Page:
Uп / Ud = n1 / n2

n1, n2 - the number of turns on the primary and secondary.

Speaking of an autotransformer, it has one winding, if there are several phases, the same number of windings. When an alternating current flows through it, the magnetic flux that occurs inside it induces an EMF in the same winding. Its value is directly proportional to the number of turns. The load (secondary circuit) is connected to the tap from the turns. On a step-up autotransformer, power is supplied not to the ends of the winding, but to one of the ends and the tap from the turns, in contrast to the transformer. What was depicted in the diagram above.

## The main differences

To make it easier for you to understand what is the difference between a conventional transformer and an autotransformer, we have put together their main differences in a table:

 Transformer Auto transformer Efficiency The efficiency of the autotransformer is greater than that of a conventional one, especially with a slight difference in input and output voltage. Number of windings Minimum 2 and more depending on the number of phases 1 or more, equal to the number of phases Galvanic isolation there is No Danger of electric shock when powering household appliances With an output voltage of less than 36 volts - small High Safety for powered appliances High Low, with a break in the coil on the turns after the tap to the load, it will get all the supply voltage Cost High consumption of copper and steel for large cores, especially for three-phase transformers Low, due to the fact that for each phase there is only 1 winding, the consumption of copper and steel is smaller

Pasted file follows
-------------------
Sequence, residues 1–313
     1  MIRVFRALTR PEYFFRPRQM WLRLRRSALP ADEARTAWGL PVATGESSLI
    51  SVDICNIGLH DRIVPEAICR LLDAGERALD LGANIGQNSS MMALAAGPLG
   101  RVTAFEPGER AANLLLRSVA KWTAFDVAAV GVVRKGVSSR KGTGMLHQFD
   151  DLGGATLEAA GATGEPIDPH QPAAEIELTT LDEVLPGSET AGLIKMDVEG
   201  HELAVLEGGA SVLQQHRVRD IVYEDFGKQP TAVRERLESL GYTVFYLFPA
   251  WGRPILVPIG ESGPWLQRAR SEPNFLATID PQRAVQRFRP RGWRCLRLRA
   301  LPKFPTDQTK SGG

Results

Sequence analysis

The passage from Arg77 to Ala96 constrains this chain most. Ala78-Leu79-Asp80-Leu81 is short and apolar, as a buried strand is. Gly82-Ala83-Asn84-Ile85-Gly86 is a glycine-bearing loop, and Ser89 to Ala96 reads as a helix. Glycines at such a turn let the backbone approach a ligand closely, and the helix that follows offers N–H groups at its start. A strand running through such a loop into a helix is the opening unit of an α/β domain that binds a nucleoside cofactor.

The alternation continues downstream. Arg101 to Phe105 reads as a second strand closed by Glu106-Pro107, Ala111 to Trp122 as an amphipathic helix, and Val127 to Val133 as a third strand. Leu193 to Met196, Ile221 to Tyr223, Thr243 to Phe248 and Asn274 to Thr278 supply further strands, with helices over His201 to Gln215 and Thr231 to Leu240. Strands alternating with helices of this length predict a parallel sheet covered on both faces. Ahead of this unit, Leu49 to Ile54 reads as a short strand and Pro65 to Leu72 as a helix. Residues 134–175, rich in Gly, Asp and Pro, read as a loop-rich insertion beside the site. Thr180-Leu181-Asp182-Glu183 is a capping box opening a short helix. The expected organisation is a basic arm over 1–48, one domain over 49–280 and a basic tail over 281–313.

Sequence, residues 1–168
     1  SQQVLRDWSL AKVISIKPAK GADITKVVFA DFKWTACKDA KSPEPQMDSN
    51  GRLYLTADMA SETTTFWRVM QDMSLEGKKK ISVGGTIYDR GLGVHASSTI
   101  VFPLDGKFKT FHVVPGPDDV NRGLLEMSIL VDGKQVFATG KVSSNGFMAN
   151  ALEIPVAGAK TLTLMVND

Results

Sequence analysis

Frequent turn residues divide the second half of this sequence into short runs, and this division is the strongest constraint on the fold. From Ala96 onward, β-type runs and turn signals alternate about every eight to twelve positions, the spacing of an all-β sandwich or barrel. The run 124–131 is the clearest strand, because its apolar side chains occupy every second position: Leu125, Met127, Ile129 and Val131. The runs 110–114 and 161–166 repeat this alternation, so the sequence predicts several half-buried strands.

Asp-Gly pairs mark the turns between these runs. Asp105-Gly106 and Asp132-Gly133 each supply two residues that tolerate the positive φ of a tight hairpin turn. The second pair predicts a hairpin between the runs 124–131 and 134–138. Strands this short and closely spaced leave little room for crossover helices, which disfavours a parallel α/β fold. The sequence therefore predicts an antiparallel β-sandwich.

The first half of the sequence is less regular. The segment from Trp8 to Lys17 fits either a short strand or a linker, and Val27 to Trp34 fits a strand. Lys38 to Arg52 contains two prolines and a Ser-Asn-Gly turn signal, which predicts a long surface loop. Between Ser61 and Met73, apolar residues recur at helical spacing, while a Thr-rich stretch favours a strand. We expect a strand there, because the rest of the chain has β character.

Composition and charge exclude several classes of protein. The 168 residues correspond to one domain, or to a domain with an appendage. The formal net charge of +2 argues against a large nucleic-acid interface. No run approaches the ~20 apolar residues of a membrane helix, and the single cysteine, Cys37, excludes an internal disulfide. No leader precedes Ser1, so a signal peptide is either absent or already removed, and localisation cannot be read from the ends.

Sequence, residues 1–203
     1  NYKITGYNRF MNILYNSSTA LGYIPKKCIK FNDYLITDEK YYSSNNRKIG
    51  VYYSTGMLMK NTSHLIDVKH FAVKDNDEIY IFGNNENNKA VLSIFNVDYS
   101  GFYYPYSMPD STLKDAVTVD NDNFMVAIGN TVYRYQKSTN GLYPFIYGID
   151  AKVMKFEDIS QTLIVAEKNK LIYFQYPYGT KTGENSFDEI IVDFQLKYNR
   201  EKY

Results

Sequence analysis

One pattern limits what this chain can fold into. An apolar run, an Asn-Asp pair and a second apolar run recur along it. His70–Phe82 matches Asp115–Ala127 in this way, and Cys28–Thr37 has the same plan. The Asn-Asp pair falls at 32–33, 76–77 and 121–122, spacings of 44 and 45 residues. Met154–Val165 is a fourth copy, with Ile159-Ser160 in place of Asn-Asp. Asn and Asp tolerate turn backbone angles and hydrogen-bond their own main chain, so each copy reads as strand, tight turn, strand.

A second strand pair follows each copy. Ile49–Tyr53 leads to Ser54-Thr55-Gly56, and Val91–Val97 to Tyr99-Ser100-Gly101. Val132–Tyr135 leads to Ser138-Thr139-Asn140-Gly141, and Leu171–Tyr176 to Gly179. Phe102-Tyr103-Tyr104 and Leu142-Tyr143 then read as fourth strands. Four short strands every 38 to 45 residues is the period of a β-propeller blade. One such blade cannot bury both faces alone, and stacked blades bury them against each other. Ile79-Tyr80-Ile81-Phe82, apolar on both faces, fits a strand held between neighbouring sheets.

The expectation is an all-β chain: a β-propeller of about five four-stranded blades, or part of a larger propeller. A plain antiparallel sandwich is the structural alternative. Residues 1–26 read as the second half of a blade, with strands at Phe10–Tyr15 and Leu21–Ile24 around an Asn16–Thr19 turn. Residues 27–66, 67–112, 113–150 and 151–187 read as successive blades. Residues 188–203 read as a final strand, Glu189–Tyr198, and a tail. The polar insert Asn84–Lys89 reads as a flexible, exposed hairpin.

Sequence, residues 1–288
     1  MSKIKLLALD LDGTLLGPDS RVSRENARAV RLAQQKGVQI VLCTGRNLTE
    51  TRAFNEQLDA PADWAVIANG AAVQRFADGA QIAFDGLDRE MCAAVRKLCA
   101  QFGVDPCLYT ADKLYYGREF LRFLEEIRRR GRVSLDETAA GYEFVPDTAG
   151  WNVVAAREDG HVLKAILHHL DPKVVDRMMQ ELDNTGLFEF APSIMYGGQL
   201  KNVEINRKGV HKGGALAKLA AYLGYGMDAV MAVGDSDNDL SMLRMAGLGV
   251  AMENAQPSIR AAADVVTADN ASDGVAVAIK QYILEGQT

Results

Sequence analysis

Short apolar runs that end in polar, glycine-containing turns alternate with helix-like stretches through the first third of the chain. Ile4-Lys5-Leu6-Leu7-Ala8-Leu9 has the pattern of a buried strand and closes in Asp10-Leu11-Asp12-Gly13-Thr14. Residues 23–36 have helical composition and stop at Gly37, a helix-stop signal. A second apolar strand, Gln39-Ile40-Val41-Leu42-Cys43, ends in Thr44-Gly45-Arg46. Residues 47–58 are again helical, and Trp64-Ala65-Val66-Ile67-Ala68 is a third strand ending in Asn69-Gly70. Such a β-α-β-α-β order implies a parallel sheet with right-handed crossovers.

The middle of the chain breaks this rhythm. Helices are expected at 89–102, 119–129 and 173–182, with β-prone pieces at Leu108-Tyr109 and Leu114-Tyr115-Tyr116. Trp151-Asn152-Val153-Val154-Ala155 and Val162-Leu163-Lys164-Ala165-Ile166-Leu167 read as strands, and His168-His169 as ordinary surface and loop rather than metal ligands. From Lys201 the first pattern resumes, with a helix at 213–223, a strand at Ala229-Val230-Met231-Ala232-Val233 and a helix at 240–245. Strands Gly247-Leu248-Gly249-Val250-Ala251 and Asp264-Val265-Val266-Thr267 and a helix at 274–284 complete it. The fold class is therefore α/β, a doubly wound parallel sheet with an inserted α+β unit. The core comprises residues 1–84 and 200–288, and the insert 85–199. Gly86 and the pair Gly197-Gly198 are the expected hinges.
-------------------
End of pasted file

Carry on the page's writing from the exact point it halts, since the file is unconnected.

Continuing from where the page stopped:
# Scope of application

Transformers are used everywhere - from power plants and substations designed for tens and hundreds of thousands of volts, to power small household appliances. Although power supplies have been used recently, their generator and transformer on a ferrite core are also their basis.

Autotransformers are used in household voltage stabilizers. Often LATRs are used in laboratories for testing or repairing electronic devices. Nevertheless, they found their application in high-voltage networks, as well as for the electrification of railways.

For example, railway products use such products in 2x25 networks (two of 25 kilovolts each). As in the diagram above, a line of 50 kV is laid in sparsely populated areas, and 25 kV from a step-down autotransformer is supplied to the electric train through a contact wire. Thus, the number of traction substations and line losses are reduced.

Now you know what the fundamental difference between a transformer and an autotransformer is. To consolidate the material, we recommend watching a useful video on the topic: